July 3, 2018 10:00 pm
Updated: July 11, 2018 9:42 pm

Aldergrove residents say legal grow-op is loud, smelly and ruining neighbourhood

WATCH: Residents of an Aldergrove neighbourhood say a huge, government-approved marijuana farm is making their neighbourhood miserable. Tanya Beja reports.

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Some Aldergrove residents say a government-approved cannabis farm is making their neighbourhood miserable.

Steve Driese bought his Aldergrove property eight years ago, in search of a quiet place to raise his family.

But he says a new neighbour has turned his slice of paradise into a place he’d rather escape.

“You put a lot of money and a lot of time and effort into a property, and within six months, somebody can come and ruin your total enjoyment of it,” he said.

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Driese said noise is a constant problem.

“The noise at night is just deafening; it keeps you from sleeping.”

Then there’s the smell.

“It’s essential oils blowing into air to try and neutralize the odour of the cannabis, so that’s why you get the smell of Febreze and then you get the smell of skunk.”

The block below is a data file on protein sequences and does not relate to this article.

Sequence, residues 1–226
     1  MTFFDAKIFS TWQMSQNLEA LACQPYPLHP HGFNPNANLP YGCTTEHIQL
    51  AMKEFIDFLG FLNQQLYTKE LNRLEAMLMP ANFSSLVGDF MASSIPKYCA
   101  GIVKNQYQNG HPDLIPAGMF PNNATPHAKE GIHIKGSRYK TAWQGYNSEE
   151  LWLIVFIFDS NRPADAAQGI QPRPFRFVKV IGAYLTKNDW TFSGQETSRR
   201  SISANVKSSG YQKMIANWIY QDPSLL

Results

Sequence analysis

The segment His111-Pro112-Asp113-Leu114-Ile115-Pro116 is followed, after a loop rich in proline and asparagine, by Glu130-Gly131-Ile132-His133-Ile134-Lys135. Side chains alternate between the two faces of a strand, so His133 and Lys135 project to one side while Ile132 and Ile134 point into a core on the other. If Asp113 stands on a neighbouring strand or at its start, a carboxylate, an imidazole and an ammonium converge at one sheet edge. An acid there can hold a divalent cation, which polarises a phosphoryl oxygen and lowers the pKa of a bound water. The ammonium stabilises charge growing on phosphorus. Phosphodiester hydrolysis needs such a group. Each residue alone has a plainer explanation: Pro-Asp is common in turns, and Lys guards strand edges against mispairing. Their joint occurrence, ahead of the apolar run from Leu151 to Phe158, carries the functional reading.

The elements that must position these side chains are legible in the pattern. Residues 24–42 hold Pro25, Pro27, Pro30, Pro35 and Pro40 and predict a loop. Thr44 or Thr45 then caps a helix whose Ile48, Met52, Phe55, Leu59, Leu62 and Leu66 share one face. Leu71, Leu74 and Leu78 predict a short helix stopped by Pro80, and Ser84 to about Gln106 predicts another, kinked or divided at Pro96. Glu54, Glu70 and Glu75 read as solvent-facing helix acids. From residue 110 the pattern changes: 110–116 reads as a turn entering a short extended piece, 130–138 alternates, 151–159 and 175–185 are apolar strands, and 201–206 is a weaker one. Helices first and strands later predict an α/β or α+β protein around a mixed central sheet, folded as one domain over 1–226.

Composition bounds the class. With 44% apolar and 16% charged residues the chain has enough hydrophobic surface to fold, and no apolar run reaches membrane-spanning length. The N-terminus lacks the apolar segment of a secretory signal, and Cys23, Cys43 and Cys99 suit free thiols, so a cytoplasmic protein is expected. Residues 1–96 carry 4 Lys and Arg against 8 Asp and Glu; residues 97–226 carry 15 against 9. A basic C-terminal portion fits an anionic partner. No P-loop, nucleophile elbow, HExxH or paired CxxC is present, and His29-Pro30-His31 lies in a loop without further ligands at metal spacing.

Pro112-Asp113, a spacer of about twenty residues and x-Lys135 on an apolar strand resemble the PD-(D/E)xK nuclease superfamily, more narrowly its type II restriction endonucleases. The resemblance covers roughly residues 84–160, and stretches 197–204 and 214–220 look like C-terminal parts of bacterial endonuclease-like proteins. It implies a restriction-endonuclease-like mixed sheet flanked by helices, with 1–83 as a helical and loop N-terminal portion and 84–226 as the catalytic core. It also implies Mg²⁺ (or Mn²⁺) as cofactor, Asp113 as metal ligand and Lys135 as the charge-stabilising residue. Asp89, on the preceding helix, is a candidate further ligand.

The noise and odours are coming from Canopy Growth Corporation, a large, licensed grow operation that took over the greenhouses that were once used to grow peppers.

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At 30 acres, the facility is now one of the largest of its kind in the world.

“There are days you can’t open the windows or the doors, and the smell still gets in the house,” Driese said.

Jordan Sinclair of Canopy Growth Corporation said they take such concerns seriously.

“We don’t want to be a nuisance to the neighbours,” he said.

“We’ve tried a number of different technologies and we’ve made a number of investments — we’re up past the $1-million mark in terms of monetary investment — to be able to deal with this problem.”

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The company says it met Health Canada regulations on air filtration in order to obtain a licence.

Health Canada says noise complaints are the municpality’s concern, but in this case, since the facility is on agricultural land, the province sets the rules.

Township of Langley Mayor Jack Froese said his municipality and others have asked “the province for a moratorium on further grow operations in the agricultural area until they get the regulations set, until the industry can deal with the problems.”

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